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"Only a Gibson is Good Enough"... As if!


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I normally don't read the Gear Page forum, but I accidentally ran across this hilarious thread of problems associated with a brand new factory-fresh Gibson guitar:

https://www.thegearpage.net/board/index.php?threads/only-a-gibson-is-good-enough.2340247/

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Supposedly back in the late '30s/early '40's, when Gibson came out with that slogan, Epiphone (independently making it's own guitars, and not a part of Gibson at that time) came out with a counter-slogan for it's own ads: "When 'Good Enough' just isn't 'Good Enough' ".  :rolleyes:

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That pickguard looks like it was cut by a chain saw... I don't like bound guitars after years of having issues with extreme temps and bindings, but that's some sloppy assed shit there!!

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Every time I see one of these types of show-and-tell threads, I think back to a yokel in the audience at a gig I played years ago who looked at my TV Yellow '93 Special and said, "Hey man, that hammer looks real nice; too bad it's not a Gibson."

My response: "I like guitars that are built exceptionally well and play effortlessly. So, thank God it's NOT a fucking Gibson."

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15 minutes ago, Biz Prof said:

 "Hey man, that hammer looks real nice..."

I love it!  Personally, I don't think that Hamer did themselves any favours by using the name, "Slammer".  I think that it probably resulted in some people thinking, "Oh, I thought it was pronounced HAY-MER, but it must be HAMMER."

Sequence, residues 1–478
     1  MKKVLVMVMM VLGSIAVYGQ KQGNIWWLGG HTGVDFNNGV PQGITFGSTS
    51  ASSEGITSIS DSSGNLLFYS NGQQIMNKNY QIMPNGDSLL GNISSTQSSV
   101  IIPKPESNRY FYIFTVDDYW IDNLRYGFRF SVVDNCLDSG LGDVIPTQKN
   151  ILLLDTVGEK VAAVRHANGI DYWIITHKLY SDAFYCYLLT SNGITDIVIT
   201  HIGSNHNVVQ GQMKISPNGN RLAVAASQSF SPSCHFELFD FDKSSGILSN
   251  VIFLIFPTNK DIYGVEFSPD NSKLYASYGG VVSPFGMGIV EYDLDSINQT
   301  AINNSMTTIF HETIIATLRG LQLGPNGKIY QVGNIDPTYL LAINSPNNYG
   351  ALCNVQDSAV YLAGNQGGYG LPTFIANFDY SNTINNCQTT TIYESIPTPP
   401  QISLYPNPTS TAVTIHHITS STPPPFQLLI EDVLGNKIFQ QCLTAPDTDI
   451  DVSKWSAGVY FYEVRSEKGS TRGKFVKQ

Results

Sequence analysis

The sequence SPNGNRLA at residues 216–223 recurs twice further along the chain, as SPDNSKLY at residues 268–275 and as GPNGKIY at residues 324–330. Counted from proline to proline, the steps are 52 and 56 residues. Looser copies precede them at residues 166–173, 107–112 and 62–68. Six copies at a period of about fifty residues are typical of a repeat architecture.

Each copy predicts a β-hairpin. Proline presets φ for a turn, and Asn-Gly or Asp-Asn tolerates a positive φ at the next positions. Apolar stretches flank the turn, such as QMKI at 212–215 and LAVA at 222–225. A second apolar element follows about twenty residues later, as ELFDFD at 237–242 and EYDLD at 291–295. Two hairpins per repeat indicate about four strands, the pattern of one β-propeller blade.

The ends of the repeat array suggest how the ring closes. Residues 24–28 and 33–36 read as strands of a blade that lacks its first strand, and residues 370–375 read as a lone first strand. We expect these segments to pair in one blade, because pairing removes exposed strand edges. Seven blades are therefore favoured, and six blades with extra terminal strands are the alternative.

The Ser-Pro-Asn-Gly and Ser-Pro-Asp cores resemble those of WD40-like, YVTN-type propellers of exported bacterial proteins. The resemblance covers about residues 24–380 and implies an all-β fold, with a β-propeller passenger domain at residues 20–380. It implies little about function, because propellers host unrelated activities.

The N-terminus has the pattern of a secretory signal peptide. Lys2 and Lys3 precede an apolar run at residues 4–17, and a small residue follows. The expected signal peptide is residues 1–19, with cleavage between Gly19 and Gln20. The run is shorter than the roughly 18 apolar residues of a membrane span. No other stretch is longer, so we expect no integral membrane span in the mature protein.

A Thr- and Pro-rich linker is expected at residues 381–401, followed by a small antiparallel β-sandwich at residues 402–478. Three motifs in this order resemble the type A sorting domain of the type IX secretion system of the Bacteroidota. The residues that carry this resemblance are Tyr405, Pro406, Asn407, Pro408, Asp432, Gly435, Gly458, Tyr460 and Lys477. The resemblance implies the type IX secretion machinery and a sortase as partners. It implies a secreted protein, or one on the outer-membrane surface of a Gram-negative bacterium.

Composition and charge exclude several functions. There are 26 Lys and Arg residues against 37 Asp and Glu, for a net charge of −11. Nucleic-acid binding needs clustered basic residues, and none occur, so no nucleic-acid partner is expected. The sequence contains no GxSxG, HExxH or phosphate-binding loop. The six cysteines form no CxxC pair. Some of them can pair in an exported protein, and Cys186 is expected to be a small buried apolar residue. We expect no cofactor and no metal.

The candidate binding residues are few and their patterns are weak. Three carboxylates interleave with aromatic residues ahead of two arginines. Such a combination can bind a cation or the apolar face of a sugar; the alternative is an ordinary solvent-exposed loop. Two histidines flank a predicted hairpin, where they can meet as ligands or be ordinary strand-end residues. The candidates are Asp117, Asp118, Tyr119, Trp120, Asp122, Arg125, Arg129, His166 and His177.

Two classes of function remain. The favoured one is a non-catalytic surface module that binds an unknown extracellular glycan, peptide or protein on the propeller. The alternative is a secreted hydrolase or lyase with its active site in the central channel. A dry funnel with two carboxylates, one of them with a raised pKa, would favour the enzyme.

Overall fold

I can guess why they didn't go for a Hamer Flamer line instead.

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1 minute ago, HamerCustomEr said:

I love it!  Personally, I don't think that Hamer did themselves any favours by using the name, "Slammer".  I think that it probably resulted in some people thinking, "Oh, I thought it was pronounced HAY-MER, but it must be HAMMER."  

I had that same reaction when reading early magazine ads and seeing references to "Slammer" pickups.  An unforced error, really.

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I seriously doubt I'll ever even consider another Gibson after all that hot air about them hearing there are problems and they're fixing them.  

Phil McKnight had a recent video where he ordered a Custom Shop R0 through Moore Guitars and it had a number of issues.  I think he said this was like a $7k or so guitar.  My comment was that it was too bad the only thing they've really improved was their marketing department. 

 

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Dang, that's unfortunate. And after all my crowing about how, "Gibson's turned around", with their new front office. 

Another reason why I buy Japanese:

 

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Edited by RobB
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54 minutes ago, RobB said:

Dang, that's unfortunate. And after all my crowing about how, "Gibson's turned around", with their new front office. 

Another reason why I buy Japanese:

 

65882260637__D6ABBC70-D080-44D6-99BB-245126083499.jpgIMG_1551.JPG